Both animal and retrospective human studies have linked extended and repeated general anaesthesia during early development with cognitive and behavioural deficits later in life. However, the neuronal circuit mechanisms underlying this anaesthesia-induced behavioural impairment are poorly understood.
Neonatal mice were administered one or three doses of propofol, a commonly used i.v. general anaesthetic, over Postnatal days 7-11. Control mice received Intralipid® vehicle injections. At 4 months of age, the mice were subjected to a series of behavioural tests, including motor learning. During the process of motor learning, calcium activity of pyramidal neurones and three classes of inhibitory interneurones in the primary motor cortex were examined in vivo using two-photon microscopy.
Repeated, but not a single, exposure of neonatal mice to propofol i.p. caused motor learning impairment in adulthood, which was accompanied by a reduction of pyramidal neurone number and activity in the motor cortex. The activity of local inhibitory interneurone networks was also altered: somatostatin-expressing and parvalbumin-expressing interneurones were hypoactive, whereas vasoactive intestinal peptide-expressing interneurones were hyperactive when the mice were performing a motor learning task. Administration of low-dose pentylenetetrazol to attenuate γ-aminobutyric acid A receptor-mediated inhibition or CX546 to potentiate α-amino-3-hydroxy-5-methyl-4-isoxazolepropionic acid-subtype glutamate receptor function during emergence from anaesthesia ameliorated neuronal dysfunction in the cortex and prevented long-term behavioural deficits.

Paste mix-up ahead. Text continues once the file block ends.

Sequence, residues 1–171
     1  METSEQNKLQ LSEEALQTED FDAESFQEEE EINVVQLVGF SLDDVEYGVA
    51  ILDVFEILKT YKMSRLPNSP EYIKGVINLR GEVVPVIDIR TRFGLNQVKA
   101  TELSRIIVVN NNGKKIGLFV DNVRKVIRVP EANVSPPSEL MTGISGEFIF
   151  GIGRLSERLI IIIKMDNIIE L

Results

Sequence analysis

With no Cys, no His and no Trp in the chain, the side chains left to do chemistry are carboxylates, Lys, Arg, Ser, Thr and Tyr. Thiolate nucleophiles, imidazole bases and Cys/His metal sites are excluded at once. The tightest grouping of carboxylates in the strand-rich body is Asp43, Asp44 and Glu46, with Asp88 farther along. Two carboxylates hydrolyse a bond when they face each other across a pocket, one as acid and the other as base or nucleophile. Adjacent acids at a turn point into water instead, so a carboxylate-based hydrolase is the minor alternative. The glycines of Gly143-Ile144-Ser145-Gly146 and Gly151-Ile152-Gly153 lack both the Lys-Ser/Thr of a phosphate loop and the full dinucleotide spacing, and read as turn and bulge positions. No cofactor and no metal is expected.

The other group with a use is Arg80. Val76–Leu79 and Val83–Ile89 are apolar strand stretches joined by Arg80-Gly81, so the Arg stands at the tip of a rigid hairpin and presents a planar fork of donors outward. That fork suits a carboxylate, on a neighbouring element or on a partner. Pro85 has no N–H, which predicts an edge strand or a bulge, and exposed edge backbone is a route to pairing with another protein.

Repeated exposure of neonatal mice to propofol anaesthesia during early development causes cortical circuit dysfunction and behavioural impairments in later life. Potentiation of neuronal activity during recovery from anaesthesia reduces these adverse effects of early-life anaesthesia.